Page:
Sure, why not and it has been steadily growing in popularity here too. “dancing” has become more popular as well. The video of Heo Solbi is a good demonstration of this style (click on the photo for the video):

Solbi Heo Step Rhythm Up

Heo Solbi’s longboard dance style.

There is even a facebook page for local riders and, if you are out around Iteawon, you can visit the Style Board Shop (서울 용산구대사관로5길 19 – more or less), a very cool place for longboards.  If you want a place to get more information on longboarding style_board_shopin Korea, I might suggest visiting the Slidingwheels folks. Korean might be one of the few places where doing downhill could really be more scary than some of the west coast places I’ve seen in the states. Another good resource can be found at landyachtz.com, which has a recent thread on downhill in Korea.

Korea_downhill

Korean Cosmetics Are Attractive in Themselves

Tonymoly storeTonyMoly, founded about a decade ago, is a South Korean beauty company that has recently entered America, opening two boutiques in New York and placing its products in Urban Outfitters and Sephora stores.  Molly Young of the NY Times writes brilliantly about the differences from American cosmetic firms and TonyMolly:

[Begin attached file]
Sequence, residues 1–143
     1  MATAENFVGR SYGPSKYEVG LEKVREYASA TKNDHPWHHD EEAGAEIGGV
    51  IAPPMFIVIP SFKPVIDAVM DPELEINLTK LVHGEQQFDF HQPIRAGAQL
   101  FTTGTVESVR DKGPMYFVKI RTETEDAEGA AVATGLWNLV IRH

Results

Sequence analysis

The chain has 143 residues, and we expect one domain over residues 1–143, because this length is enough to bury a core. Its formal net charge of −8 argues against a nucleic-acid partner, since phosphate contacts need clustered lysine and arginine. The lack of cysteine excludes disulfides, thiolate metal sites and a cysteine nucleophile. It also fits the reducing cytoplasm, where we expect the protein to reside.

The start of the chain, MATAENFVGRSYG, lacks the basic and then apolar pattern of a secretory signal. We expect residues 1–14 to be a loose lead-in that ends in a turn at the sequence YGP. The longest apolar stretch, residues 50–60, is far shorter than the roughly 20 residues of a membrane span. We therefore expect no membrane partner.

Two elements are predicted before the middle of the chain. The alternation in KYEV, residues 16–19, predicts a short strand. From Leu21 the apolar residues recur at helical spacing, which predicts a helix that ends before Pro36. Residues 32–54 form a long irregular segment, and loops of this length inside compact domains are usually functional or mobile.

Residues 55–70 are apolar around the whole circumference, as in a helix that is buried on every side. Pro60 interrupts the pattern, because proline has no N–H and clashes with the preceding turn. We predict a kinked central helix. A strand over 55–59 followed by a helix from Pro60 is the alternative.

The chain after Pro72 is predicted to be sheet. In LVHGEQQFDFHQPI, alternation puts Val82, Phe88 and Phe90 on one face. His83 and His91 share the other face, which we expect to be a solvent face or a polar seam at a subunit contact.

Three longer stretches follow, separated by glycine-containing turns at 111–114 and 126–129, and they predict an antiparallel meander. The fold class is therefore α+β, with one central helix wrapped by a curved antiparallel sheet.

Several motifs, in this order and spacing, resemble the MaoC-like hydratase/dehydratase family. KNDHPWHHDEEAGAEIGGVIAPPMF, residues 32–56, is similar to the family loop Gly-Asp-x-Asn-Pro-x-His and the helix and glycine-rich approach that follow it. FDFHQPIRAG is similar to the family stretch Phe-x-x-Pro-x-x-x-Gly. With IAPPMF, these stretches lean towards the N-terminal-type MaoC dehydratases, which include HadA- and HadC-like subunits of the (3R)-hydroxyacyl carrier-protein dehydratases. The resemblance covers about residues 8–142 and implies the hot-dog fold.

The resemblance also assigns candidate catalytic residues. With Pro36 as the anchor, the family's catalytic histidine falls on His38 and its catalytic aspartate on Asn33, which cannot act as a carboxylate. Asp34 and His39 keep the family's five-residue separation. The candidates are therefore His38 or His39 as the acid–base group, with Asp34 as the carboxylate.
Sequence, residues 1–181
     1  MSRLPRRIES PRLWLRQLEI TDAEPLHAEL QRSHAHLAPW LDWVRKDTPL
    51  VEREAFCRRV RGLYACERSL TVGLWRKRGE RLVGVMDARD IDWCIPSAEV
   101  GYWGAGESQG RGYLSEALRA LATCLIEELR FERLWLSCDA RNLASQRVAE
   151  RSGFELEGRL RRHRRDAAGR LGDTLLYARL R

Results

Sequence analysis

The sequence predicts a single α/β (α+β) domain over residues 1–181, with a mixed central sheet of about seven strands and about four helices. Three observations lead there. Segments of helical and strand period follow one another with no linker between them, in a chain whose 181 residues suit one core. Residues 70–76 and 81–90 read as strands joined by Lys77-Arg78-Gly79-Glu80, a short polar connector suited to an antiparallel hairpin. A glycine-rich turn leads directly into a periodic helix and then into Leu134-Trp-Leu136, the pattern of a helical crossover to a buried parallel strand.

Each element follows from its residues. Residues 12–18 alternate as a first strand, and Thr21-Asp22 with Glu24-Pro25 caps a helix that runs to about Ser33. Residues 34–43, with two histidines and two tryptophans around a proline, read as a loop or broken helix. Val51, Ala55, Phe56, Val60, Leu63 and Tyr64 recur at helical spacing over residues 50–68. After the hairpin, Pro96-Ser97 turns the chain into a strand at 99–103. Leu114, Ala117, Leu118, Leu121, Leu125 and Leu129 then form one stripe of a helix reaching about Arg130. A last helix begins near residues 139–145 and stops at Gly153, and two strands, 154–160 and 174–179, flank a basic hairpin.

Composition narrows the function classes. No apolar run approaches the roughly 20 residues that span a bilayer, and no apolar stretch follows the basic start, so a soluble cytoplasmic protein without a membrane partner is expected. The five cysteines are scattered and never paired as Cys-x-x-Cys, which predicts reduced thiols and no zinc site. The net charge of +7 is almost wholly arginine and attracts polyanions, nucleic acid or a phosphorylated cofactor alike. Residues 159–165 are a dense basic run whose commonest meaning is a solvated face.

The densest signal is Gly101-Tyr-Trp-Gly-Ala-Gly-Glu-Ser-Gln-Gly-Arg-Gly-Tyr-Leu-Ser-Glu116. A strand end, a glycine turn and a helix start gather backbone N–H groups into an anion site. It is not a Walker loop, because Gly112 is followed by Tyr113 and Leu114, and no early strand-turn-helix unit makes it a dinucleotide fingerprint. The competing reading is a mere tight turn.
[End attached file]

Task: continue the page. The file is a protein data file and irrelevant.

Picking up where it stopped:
TonymolyI was briefed by a friend with intimate knowledge of the Korean beauty market and I learned that TonyMoly is known for its cute packaging, intrepid use of freaky ingredients and an emphasis on the caretaking of skin over the painting of it. American beauty products focus on high-color-payoff makeup, whereas Korean beauty focuses on perfect skin,” he told me. “You’ll notice that skin care takes up 74 percent of the store.

Their product design is very well done and is worth a visit just to look at:

it is all packaged in containers shaped like peaches, eggs, apples, tangerines and tomatoes. What these shapes have in common is their touchability, which makes sense because that’s how many of us want our faces to look.

Ms. Young really has a terrific way of writing about the uniqueness of TonyMolly’s Korean product style:

Sheet masks are another Korean innovation. A sheet mask is a cotton sleeve cut in the shape of Hannibal Lecter’s muzzle and drenched in your choice of (allegedly) beautifying liquids: tomato extract, broccoli extract, ginseng, something called “vegetable placenta,” something called “pearl extract”

I thought mammals ate placentas but I guess putting them on your face could be okay too.

Trump on US-ROK Cost Sharing Agreement: “It’s Crazy”